Monday, August 16, 2010

Another simple "1 Hour Dress"

Friday I attempted another 1-Hour dress.  I love the idea of simple to make clothes, although usually simple means no structure, which can mean no real style.  This is Butterick "Fashion Express" pattern B5211.  It is described as "Fast & Easy," which in my opinion is quite accurate.  If I hadn't made a couple smack yourself on the forehead sort of mistakes, I could have made this in the 1 hour stated (plus about 30 minutes for cutting out the pattern and fabric).  I was worried about this one fitting me since the models on the package have no hips and the dress is pretty shapeless.  I made dress B (the blue one).

I made this dress out of a blue twin sheet I got at the thrift store for $1.99.  I really like using cheap bedsheets for "rough drafts" of dresses and things because I hate to cut up fabric I adore without knowing if I'm going to like what I'm doing with it!  I had to adjust the sizing on this one to be a size smaller on top than on the bottom, but that's pretty easy to do with dress patterns.  You just cut along the size you want, slowly sliding your scissors over to the larger size you want as you cut past the waist (or at least that's how I do it!).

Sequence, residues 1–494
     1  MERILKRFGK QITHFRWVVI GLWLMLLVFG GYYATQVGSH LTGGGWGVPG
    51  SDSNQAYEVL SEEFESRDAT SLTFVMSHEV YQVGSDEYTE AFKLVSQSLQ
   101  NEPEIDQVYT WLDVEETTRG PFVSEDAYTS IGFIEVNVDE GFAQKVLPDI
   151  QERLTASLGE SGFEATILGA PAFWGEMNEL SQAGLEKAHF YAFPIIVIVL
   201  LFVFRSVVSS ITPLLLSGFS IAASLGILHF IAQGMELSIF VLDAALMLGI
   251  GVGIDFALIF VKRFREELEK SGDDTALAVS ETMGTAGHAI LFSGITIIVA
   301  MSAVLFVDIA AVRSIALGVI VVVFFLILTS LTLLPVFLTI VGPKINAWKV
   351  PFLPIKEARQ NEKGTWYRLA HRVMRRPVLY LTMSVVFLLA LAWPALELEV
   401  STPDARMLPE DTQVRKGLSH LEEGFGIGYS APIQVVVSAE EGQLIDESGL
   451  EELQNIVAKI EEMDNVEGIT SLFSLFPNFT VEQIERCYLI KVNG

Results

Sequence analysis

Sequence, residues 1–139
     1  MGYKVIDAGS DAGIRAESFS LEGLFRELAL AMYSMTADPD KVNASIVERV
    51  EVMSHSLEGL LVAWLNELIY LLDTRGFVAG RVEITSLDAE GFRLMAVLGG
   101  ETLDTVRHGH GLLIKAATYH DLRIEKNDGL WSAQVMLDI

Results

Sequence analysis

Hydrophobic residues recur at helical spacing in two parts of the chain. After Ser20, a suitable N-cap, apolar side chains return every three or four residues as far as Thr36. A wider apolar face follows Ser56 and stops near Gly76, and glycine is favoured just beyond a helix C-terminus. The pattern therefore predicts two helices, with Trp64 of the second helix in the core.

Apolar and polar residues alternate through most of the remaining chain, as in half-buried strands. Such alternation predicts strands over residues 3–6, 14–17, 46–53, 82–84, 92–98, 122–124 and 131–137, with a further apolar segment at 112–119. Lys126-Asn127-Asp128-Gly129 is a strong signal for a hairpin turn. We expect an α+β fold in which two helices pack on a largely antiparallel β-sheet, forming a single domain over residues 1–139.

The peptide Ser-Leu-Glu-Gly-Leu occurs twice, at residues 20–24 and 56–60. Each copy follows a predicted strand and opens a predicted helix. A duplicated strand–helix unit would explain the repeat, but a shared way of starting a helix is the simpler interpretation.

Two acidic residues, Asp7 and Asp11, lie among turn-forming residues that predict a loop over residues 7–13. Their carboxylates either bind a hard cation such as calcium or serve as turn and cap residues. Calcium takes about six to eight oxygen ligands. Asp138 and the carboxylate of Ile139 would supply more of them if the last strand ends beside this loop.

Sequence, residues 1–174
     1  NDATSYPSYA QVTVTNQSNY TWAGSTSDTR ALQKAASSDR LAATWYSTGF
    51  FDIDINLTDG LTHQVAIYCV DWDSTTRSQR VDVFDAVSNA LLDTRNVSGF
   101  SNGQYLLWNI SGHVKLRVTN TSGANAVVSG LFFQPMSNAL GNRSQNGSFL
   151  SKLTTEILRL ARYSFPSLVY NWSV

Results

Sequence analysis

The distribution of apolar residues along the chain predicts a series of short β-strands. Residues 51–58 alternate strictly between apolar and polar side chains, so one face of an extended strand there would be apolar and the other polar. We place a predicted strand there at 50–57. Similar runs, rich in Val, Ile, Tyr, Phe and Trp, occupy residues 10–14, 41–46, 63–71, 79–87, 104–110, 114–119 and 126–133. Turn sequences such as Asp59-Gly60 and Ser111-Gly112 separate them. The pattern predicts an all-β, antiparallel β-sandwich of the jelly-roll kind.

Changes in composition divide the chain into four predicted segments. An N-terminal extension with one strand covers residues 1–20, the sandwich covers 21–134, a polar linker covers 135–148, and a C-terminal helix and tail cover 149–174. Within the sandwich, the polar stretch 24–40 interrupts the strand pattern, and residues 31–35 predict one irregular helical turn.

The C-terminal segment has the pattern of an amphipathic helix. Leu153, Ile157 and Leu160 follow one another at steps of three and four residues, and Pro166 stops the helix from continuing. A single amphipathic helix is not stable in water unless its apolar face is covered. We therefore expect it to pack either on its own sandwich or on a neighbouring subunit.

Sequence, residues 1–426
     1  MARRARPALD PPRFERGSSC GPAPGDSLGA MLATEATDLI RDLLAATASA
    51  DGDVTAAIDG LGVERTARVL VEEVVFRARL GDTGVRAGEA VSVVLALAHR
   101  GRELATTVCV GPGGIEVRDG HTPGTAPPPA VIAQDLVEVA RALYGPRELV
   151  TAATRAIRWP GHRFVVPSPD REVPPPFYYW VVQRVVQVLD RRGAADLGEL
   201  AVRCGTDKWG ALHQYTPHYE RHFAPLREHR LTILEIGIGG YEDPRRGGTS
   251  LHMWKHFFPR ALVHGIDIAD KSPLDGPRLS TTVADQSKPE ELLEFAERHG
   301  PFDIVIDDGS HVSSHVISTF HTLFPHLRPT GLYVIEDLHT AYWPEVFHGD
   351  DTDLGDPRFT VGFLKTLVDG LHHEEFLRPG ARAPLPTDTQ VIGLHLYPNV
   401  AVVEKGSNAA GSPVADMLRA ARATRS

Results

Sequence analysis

This dress does absolutely nothing for me without a belt.  I love love love the retro vibe of it and I am starting to really adore dresses with pockets (which I used to hate because I thought they added too much bulk to my already prominent hips).  I think with age comes confidence though because I'm no longer afraid to let my hips be what they are!  This pattern is a great project for a novice because if you leave the pockets out, there is absolutely nothing to it (not that pockets are hard, but you could make it even more simple).  The back has a button closure at the top (I used a hook and eye).  I think I will remake this one using some awesome fabric since I like the bed sheet version.  I'm thinking of making a version I can wear in the fall with a jacket and tights.

Friday, August 13, 2010

A Spot of Life